1. He took a picture of me. 2. He took one picture of me. 3. He took pictures of me. (Does #1 mean #2? Did he take only one picture of me? Does #3 mean he took several pictures of me?)

English
1. Are you planning to go to Australia for your vacation? 2. Are you planning to go to Australia on your vacation? 3. Are you planning to go to Australia for the purpose of your vacation? 4. Are you planning to go to Australia at the time of your vacation...

English
The customer wants to buy the product at the market. What can he say? Can we use all the following expressions? Which ones are commonly used? 1. I'll take it. 2. I'll buy it. 3. I'll get it. 4. I'll have it.

English
The person stopped reciting the passage for a second....So, I said ________ 1. "Go on." 2. "Go ahead." (Which one is suitable for the blank?)

English
1. I want to raise a cat. 2. I want to keep a cat. 3. I want to have a cat. 4. I want to grow a cat. ---------------------- Can we use all the verbs to have the same meaning? Does 'grow' mean 'raise' here?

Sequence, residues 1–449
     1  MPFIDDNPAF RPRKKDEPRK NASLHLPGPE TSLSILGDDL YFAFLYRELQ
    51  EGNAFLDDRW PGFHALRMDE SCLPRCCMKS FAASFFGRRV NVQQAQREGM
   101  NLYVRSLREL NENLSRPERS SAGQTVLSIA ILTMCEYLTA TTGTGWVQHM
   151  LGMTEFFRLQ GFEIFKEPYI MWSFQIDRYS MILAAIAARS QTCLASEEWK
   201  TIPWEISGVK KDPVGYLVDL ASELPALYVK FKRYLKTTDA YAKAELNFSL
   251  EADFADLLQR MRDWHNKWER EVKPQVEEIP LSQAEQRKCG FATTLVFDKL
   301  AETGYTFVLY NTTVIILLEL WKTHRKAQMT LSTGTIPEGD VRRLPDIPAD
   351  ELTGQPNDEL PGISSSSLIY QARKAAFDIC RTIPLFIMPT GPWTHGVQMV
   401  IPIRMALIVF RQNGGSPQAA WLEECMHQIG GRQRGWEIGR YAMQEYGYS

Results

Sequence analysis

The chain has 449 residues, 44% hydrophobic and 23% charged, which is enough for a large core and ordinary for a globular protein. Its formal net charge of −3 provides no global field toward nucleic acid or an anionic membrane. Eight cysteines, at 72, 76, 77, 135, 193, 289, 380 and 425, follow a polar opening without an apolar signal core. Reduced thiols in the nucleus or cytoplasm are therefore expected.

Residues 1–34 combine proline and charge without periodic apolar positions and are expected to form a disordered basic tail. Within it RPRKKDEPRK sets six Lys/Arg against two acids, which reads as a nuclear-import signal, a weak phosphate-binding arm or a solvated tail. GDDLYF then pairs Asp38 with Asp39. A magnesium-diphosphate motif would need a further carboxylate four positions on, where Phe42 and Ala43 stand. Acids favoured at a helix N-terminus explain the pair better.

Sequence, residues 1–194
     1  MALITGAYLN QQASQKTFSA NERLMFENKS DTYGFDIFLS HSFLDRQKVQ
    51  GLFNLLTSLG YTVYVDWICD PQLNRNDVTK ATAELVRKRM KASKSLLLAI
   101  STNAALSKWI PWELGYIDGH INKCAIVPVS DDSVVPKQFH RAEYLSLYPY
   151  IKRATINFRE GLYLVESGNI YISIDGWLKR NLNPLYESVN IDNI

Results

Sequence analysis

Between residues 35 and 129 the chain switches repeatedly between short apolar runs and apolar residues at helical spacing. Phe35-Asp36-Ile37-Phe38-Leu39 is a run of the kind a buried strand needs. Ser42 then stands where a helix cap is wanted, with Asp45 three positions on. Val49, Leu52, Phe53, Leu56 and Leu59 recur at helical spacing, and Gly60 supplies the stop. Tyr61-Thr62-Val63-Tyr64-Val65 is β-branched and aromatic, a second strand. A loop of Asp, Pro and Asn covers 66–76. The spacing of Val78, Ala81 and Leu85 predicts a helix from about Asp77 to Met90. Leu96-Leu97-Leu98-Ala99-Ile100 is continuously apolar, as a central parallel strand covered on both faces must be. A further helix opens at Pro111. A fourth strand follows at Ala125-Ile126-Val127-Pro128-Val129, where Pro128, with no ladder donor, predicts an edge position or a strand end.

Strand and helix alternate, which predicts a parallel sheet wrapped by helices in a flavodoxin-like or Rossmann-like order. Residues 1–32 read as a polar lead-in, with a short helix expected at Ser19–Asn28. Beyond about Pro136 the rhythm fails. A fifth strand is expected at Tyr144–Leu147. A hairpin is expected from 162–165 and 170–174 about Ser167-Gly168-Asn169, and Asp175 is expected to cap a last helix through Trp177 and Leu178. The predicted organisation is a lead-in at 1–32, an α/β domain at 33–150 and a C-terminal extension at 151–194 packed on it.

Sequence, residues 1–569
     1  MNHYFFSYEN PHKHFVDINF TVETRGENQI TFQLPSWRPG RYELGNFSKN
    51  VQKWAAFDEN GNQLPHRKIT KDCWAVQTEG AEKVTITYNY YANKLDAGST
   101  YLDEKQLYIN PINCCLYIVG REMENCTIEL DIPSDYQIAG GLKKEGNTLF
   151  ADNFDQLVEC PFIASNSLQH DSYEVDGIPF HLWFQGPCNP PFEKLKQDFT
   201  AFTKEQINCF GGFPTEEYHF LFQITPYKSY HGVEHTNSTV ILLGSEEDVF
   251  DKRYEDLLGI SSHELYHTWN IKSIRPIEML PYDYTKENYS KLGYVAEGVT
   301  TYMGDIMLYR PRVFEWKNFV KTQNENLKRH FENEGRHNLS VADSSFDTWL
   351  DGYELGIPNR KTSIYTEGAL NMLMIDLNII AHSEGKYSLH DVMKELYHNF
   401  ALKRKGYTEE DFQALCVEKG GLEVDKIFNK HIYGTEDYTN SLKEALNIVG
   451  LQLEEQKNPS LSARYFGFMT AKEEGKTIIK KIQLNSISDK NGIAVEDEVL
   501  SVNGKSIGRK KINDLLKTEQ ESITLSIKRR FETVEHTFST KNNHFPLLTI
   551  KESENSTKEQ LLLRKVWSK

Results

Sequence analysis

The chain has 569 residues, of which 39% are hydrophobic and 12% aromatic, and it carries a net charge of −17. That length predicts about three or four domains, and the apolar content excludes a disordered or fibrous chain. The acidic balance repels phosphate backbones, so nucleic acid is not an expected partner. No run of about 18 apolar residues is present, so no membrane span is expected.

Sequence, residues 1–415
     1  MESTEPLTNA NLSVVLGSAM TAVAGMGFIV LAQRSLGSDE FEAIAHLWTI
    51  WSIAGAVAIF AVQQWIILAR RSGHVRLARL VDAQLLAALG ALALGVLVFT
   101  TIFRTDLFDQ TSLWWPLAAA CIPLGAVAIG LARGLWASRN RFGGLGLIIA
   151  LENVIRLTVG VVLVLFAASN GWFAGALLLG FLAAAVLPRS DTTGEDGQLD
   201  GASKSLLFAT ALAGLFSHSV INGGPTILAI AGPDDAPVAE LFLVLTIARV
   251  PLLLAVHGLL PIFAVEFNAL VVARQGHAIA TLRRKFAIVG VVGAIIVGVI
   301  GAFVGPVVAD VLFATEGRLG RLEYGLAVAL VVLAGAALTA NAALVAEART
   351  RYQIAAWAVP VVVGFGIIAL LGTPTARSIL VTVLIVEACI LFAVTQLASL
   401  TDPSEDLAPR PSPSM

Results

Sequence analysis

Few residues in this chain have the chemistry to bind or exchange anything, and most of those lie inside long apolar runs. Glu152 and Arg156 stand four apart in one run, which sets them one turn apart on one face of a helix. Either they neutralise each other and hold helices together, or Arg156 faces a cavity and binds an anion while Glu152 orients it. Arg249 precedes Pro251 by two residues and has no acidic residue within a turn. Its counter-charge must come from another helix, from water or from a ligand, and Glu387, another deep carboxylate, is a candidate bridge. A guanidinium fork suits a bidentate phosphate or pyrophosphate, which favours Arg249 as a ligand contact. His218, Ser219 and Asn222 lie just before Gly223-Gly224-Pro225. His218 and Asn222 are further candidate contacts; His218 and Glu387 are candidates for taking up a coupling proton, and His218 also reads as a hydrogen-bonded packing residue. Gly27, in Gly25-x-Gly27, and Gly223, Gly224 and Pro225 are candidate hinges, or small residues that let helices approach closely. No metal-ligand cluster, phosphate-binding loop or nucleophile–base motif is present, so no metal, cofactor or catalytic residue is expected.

English
1. I need a solid T-shirt. 2. I need a plain T-shirt. 3. I need a solid-color T-shirt. 4. I need a self-color T-shirt. 5. I need a one-color T-shirt. 6. I need a unicolor T-shirt. ---------------------- Are they all the same in meaning? Which ones are commonly used?

English
1. I want to buy a plain bag. (What is a plain bag? Does it mean a bag without patterns?)

English
1. I was wondering, what's the best way to travel around Europe? 2. I was wondering what's the best way to travel around Europe. (Which one is gramatical?) 3. Hello? - Hello. It's Mark. - Hi, Mark. How are you? ------------------------------ This is a telephone ...

English
Can we use #3? In the past tense, we can use 'after' as in #4? What about #3 in the future tense?

English
1. He will come back in five days. 1-2. He will come back at the end of five days. 2. He will come back within five days. 3. He will come back after five days. 4. He came back after five days. -------------------------------- Does #1 mean #1-1? What about #3? I think #4 is right.

English
Thank you for your help. Then, what is the difference betwen #4 and #5? Can we use #4, when it took one day for him to read the bok? 4. He read this book in five days. 5. He read this book within five days.

English
1. He read this book in a day. 2. He read this book within a day. 3. He read this book at the end of a day. ------------------------------ 'In' means 'within' or 'at the end of' according to a dictionary. Q1: Does #1 mean #2? Q2: When he read the book ...